Posted on 29th January 2021
#Forgotten Friday: Make Do & Mend!
The war caused a shortage of clothes, and high prices for those that could be found in the shops.
It was no longer possible to get supplies of clothes from abroad, and clothes manufacturers in Britain had to make things needed for the war, such as uniforms and parachutes.
Clothes rationing was introduced in May 1941. This made sure that everyone had a fair share of what was available. Everybody was given a ration book with 66 clothing coupons that had to last for a year. Each item of clothing that was rationed was worth a certain number of coupons, for example one dress was worth eleven coupons. People still had to pay for clothes, but they had to hand over the right number of coupons each time they bought something.
The ‘Make do and Mend’ campaign was introduced by the government to encourage people to get as much wear as possible out of the clothes they already had. Posters and information leaflets (like one of the examples in our Archive) gave people advice and ideas about how to do this. Evening classes were set up to teach people how to make new clothes out of bits of worn-out old ones, rather than throw them away. This pamphlet encouraged people to do whatever they could to extend the life of their clothes, from darning socks to washing nylons more carefully. This attitude went on to apply to everything and although they did not use the term, ‘Reduce, Reuse, Recycle’ became the ethos of the times.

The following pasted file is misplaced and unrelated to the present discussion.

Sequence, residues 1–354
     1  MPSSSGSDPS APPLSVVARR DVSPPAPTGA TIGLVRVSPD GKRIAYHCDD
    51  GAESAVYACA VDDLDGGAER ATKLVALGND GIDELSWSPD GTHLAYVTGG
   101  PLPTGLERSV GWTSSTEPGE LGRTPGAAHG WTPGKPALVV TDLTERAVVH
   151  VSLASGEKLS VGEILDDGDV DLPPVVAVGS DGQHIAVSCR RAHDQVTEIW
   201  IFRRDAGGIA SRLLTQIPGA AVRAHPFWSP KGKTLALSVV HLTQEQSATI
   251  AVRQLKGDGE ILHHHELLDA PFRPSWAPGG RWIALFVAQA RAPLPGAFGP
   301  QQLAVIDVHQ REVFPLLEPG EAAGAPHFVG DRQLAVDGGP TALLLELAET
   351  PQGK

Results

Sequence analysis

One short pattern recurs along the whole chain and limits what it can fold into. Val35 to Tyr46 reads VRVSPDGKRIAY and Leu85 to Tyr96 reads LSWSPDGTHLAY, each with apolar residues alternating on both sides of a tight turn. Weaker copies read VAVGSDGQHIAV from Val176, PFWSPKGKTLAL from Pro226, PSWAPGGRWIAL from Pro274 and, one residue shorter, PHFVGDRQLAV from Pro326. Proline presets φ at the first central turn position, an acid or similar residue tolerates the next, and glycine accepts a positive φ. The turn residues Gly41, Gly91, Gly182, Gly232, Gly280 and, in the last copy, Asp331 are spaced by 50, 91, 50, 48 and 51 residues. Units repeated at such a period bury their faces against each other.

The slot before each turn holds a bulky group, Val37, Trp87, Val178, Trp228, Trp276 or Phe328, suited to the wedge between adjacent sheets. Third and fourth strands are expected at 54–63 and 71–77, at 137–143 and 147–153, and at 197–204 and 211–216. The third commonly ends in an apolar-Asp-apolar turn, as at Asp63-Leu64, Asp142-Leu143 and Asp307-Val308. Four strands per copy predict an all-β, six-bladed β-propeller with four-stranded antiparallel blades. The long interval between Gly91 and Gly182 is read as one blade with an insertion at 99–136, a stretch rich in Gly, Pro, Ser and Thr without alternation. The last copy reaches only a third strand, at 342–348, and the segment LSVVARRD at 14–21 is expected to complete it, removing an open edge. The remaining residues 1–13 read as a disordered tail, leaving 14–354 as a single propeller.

This is was a wonderful maxim to hold, it prevented wastage, encouraged thriftiness, and increased appreciation of the value of our belongings. These days, the make do and mend attitude is not just about mending worn clothes; it is about stopping the disposable cycle of buying, throwing away and buying again which continued to contribute to Britain’s ‘War Effort’.
As seen in the photos featured, here at Eden Camp we are all for the ‘Make Do and Mend’ scheme! The handmade knitted socks have been darned to prolong their life! Similarly, the knitted jumper, belonging to a gentleman named A.V Thornton, R.A.M.C, contains many darned holes so that it could be worn repeatedly!